Some good coaching questions to help you:
- How do you want to show up at x event/meeting?
- Think of somebody you really respect and admire. How would they demonstrate assertiveness?
- When your assertive self shines through, what’s it like?
To increase your assertiveness muscle, practise in general, and prepare in particular. How can you better prepare for situations in which you want/need to be more assertive? For a meeting/presentation/event – think about how you want to show up and behave during that event. For example, if you have an upcoming meeting with senior staff, a) How do you want to appear? b) What do you want to achieve during this meeting? c) How can you accomplish this? d) What will you do if someone stands in your way?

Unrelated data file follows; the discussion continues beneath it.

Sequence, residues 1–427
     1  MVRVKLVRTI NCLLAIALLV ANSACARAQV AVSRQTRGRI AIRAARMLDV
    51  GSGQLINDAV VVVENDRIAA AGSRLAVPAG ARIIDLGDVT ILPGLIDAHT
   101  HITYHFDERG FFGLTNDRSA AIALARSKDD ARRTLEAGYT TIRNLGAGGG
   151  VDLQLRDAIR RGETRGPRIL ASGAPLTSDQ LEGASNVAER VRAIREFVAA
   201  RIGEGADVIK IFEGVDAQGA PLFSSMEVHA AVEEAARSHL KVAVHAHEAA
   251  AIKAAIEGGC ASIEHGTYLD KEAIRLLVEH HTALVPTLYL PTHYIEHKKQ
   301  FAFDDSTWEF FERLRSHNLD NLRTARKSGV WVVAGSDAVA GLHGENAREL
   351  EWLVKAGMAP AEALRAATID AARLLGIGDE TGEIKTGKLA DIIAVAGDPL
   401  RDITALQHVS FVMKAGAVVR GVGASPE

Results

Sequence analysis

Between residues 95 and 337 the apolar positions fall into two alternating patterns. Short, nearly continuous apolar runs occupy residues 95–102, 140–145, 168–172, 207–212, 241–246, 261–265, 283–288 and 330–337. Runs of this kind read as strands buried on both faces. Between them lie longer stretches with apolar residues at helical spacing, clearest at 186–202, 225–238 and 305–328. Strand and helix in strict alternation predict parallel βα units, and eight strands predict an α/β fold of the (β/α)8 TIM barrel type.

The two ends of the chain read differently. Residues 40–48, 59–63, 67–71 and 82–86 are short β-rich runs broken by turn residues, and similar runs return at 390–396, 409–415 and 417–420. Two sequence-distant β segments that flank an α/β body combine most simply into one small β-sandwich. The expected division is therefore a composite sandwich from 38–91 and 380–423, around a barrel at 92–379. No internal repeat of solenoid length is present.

You could answer these questions and prepare a plan for the meeting.
- What points do you want to make?
- When others dominate, what tactics can you reasonably employ, to break in? What key phrases can you use? (e.g. ‘Are we still on the agenda?’ or ‘I think it’s time to review the alternatives, here’).
If you are wanting to negotiate a deal or make a point in an appraisal, make sure you have thought through your reason why you should get a specific outcome.
As Margaret Buj says, ‘When you are negotiating for a raise or asking for a promotion, have all the history and facts about your specific accomplishments and how they have impacted the business. Use benefit language that includes specific outcome and results rather than your effort involved.’
3) Positive language